Nepali Times
Strictly Business
Lessons learnt


This month is my last as the CEO of Himalmedia. As I look back on the last 27 months of restructuring work and turnaround challenges, all of which have been completed for now, here are three lessons that I have learnt and applied.

Board is the boss: The state of corporate governance is abysmal in Nepali private companies. That sorry state comes about not because of malice on anyone's part, but because of ignorance about what the governance of a private sector firm entails.

But an astute CEO need not despair. His primary task is to think of himself as an agent who's been appointed by the Board to represent the interests of the owners of the company, that is, the shareholders who have put in money to earn returns. This clarity about why he's there makes it easier for the CEO to filter important decisions through the lens of this question: "Is this decision in the interest of the shareholders?" If yes, proceed. If no, rethink and revise.

This mindset on the CEO's part makes it easier for him to have good working relations with the Board, which can then provide advice, guidance and necessary doses of skepticism. Conflicts that many Nepali private firms, notably banks, have between their CEOs and Board members boil down to the former's inability to repeatedly communicate their own job description to the Board members.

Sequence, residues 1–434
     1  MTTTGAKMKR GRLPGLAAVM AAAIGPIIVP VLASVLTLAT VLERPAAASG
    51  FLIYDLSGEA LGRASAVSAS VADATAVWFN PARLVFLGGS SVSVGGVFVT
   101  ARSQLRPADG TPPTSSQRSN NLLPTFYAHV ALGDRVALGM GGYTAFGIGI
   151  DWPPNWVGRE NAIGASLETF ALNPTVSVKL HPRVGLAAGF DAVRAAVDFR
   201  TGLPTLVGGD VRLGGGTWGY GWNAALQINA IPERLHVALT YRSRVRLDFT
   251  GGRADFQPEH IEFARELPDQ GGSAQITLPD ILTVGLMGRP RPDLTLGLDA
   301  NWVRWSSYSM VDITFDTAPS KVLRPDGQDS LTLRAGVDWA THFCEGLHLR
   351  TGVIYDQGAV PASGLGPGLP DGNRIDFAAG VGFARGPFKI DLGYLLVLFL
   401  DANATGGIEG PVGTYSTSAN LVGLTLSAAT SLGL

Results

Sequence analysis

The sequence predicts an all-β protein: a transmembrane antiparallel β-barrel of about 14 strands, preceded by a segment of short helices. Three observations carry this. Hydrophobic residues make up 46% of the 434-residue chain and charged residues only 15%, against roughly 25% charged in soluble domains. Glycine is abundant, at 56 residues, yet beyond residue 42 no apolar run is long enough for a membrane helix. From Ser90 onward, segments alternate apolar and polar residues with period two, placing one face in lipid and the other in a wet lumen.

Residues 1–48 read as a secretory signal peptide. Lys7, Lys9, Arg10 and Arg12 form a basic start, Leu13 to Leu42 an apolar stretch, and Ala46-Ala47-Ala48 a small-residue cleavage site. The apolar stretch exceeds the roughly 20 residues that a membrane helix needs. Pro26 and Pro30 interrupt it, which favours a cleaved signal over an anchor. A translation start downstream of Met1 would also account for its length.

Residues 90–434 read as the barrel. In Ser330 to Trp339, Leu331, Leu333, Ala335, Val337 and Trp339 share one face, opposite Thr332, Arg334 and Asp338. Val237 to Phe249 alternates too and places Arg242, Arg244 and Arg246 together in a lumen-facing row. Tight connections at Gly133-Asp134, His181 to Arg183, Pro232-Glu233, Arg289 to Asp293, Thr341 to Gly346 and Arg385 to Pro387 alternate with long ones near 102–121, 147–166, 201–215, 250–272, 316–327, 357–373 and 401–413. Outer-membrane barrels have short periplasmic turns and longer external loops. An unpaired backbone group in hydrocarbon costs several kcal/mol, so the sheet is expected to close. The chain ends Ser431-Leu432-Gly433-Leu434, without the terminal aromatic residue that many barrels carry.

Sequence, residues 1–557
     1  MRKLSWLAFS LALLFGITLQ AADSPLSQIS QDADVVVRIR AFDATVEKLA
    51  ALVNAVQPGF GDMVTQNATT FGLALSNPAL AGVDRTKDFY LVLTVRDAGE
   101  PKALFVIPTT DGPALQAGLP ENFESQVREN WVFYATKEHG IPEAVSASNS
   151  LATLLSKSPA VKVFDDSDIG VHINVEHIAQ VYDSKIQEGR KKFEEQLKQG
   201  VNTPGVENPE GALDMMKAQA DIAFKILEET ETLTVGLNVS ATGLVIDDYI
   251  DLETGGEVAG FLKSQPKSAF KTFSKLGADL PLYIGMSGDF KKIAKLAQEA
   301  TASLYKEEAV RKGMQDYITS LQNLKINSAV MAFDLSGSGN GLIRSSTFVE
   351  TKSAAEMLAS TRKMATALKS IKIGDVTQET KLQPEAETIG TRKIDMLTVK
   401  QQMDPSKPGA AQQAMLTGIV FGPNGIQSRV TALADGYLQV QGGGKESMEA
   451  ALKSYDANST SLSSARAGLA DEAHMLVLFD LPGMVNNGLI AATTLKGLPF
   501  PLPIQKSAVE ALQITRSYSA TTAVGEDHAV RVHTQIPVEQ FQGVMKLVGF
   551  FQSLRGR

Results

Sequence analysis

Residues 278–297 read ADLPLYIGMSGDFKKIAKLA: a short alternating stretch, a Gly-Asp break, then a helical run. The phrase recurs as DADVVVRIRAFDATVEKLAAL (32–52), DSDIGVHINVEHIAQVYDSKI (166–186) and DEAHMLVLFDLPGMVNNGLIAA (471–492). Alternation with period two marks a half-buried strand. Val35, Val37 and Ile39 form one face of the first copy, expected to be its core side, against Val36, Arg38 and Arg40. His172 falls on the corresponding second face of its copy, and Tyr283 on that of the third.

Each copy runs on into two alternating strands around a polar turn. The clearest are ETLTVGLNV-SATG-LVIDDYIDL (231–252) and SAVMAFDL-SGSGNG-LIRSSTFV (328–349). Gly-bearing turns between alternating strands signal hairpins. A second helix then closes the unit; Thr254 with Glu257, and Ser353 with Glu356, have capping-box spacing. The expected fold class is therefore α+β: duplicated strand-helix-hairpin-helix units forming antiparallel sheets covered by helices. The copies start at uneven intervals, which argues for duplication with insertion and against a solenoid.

Persistence is important: I used to think that communication was very important. It is, but not as important as persistence to see challenges through over a stretch of time by focusing single-mindedly on the results. Almost all managerial accomplishments are about getting things done. As such, quietly determined persistence on the CEO's part signals to staff that the results matter more for the company than just communicating back and forth and getting along with one another.

To get the results, one can rant and rave and scold employees. Fear works very well to get outcomes in the short run. But it will fail to develop the long-term capability and the professional confidence of the staff to deliver results on their own, without anyone hovering over their shoulders.